Long-term thinking is our best weapon against the permacrisis

In the grip of a permacrisis, it’s easy to be seduced by short-term thinking. We need to resist its lure, and fix our eyes again on the long-term horizon.

You might not want to hear this, but it’s time to stop fire-fighting and start planning again. We need urgently to reclaim long-term thinking — but that’s going to be harder than it sounds. Oh, it’s easy to think in the long term when our present is relatively stable. We can look at existing technology, and then we can extrapolate outwards from there. In some ways, that process defined the first decade of both NEXT conference, and this blog.

The pandemic changed all that. All of a sudden, predicting five years ahead seemed impossibly foolish. When we were dealing with genuinely unprecedented changes in the way we live (in our lifetimes, at least), and just knowing what would be happening in three months seemed implausible.

Looking back, some of the futures we started exploring on the site seem very rooted in the age. Toying with automated temperature checking in offices? Very much a pandemic-era idea, when we had no idea how long it would persist. It is natural, when things change suddenly, to focus on surviving the moment, not on working out what it means for the long term. So none of us should chide ourselves for that.

But we should challenge ourselves to get out of crisis mode.

From pandemic to permacrisis

The major part of the pandemic’s impact on our lives is now over. So, why aren’t we truly back to long-term thinking? Well, sadly, crisis became permacrisis. Even as the worst of the pandemic wound down, the sudden outbreak of war in Europe and its impact on supply chains and energy supply kept us focusing on the now. We had a new problem to manage, a new crisis to resolve.

It kept us reactive.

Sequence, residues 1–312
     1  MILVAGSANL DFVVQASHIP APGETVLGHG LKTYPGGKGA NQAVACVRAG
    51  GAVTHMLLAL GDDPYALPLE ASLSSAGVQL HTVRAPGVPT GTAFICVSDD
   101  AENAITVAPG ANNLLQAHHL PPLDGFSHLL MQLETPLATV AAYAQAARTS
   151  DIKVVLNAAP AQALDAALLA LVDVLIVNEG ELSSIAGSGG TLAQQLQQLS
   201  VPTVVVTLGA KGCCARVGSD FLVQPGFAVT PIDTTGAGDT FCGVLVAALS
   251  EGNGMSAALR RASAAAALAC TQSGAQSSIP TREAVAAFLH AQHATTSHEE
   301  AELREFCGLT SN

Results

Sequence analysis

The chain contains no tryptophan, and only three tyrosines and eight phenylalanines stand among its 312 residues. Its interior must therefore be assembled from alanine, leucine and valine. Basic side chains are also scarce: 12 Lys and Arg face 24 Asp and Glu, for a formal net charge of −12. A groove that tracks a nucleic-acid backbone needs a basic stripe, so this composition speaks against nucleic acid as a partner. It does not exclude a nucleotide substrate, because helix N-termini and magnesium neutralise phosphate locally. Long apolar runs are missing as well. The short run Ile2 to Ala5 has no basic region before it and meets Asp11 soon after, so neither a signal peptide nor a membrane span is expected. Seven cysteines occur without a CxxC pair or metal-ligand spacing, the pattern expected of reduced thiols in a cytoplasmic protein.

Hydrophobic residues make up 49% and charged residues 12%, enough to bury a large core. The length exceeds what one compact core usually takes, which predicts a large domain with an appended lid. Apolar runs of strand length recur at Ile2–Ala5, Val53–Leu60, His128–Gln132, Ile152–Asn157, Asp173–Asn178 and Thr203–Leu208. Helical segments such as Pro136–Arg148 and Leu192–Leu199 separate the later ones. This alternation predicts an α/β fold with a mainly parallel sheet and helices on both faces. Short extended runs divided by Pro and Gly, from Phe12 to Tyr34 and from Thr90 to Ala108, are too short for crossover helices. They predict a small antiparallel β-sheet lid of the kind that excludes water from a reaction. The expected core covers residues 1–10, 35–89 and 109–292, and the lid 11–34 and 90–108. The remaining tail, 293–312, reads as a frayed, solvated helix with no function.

And, in some ways, we’ve had a couple of decades that have celebrated short-term disruption: “move fast and break things” and the general hustle culture. They were the cultural touchpoints of the start-up era. But they can’t define everything, and we need our long-term thinkers, too. Those who can hug the system and slowly shape it to great effect. And we have examples.

Wildly successful investor Warren Buffett is reputed to have told Jeff Bezos over lunch that his secret was steady planning, which was what made him different. “Nobody wants to get rich slowly,” he said.

No politician wants to be thanked for investments that only pay off 20 years after they leave office. No manager wants to be carpeted by the board for spending their time on a project that will pay off in a decade, when this quarter’s profits are looking shaky.

The hidden benefits of long-term thinking

And yet, the world’s most successful consumer good — the iPhone — was actually a spin-off from a long-term project at Apple: the touch tablet. Or, as we know it today, the iPad. No wonder that Apple has spent years investigating self-driving cars and mixed reality headsets without releasing products. They know that long-term investigation can pay off in the most surprising ways.

We could stand to learn from that. Even in a state of permacrisis, we need to keep ourselves, as individuals, as companies, and as societies, focused on where we want to be. Only then do we have a chance of exiting the permacrisis for something more stable.